Health professionals that have patients (such as pharmacists) are ideally placed to observe and record the efficacy for medicines.
All else should confine their criticisms to their evidence of the actual evidence published.
If there are holes in it then share that evidence with the rest of the world.
Otherwise, do not be in such a hurry to criticise professions that have good experience and judgement to make a good choice on behalf of their patients, simply because good evidence has not caught up with reality.

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Laropiprant is the Bad One; Niacin is/was/will always be the Good One

Staff Writer

Orthomolecular Medicine News Service, July 25, 2014
Laropiprant is the Bad One; Niacin is/was/will always be the Good One
by W. Todd Penberthy, PhD

(OMNS July 25, 2014) Niacin has been used for over 60 years in tens of thousands of patients with tremendously favorable therapeutic benefit (Carlson 2005).
In the first-person NY Times best seller, "8 Weeks to a Cure for Cholesterol," the author describes his journey from being a walking heart attack time bomb to a becoming a healthy individual.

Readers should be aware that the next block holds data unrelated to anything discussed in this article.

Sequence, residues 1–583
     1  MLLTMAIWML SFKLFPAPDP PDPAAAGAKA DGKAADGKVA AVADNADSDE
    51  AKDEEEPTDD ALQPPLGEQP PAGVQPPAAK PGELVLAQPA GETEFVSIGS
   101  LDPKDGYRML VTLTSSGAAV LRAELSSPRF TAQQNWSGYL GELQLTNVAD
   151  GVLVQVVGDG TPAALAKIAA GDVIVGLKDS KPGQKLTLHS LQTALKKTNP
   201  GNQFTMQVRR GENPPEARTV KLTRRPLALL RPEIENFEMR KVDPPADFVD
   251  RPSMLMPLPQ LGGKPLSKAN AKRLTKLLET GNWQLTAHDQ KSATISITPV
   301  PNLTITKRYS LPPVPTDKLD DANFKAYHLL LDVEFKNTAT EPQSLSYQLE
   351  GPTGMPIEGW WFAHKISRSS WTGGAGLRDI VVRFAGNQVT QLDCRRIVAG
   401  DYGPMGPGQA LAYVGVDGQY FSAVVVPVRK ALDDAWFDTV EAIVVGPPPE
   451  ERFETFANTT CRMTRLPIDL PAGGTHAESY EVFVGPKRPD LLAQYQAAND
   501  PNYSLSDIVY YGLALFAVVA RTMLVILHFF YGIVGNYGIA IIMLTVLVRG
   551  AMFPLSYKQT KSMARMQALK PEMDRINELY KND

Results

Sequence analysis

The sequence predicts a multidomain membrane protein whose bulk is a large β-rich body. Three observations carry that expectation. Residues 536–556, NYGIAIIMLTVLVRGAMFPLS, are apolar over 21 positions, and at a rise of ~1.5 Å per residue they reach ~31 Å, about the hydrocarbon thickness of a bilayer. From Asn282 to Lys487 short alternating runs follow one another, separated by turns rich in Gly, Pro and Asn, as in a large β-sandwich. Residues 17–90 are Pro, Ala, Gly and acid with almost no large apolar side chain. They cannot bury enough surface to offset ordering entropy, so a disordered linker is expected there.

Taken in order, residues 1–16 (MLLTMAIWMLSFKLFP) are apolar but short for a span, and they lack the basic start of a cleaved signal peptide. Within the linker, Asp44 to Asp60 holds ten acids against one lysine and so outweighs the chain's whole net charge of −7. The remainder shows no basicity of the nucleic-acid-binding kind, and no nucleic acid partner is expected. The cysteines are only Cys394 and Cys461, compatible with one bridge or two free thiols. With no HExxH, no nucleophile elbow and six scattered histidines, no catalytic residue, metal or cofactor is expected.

He hails high-dose niacin as the one treatment that did more to correct his poor lipid profile than any other (Kowalski 2001).

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Culture Drive & Pharmacy Renewal

Neil Johnston

Deep within all of us we have a core set of values and beliefs that create the standards of behaviour that we align with when we set a particular direction in life.
Directions may change many times over a lifetime, but with life experiences and maturity values may increase in number or gain greater depth.
All of this is embraced under one word – “culture”.
When a business is born it will only develop if it has a sound culture, and the values that comprise that culture are initially inherent in the business founder.
A sound business culture equates to a successful business and that success is often expressed in the term “goodwill” which can be eventually translated to a dollar value.

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ReWalk™ Personal Exoskeleton System Cleared by FDA for Home Use

Staff Writer

Exoskeleton leader ReWalk Robotics announced today that the U.S. Food and Drug Administration has cleared the company’s ReWalk Personal System for use at home and in the community.
ReWalk is a wearable robotic exoskeleton that provides powered hip and knee motion to enable individuals with Spinal Cord Injury (SCI) to stand upright and walk.
ReWalk, the only exoskeleton with FDA clearance via clinical studies and extensive performance testing for personal use, is now available throughout the United States.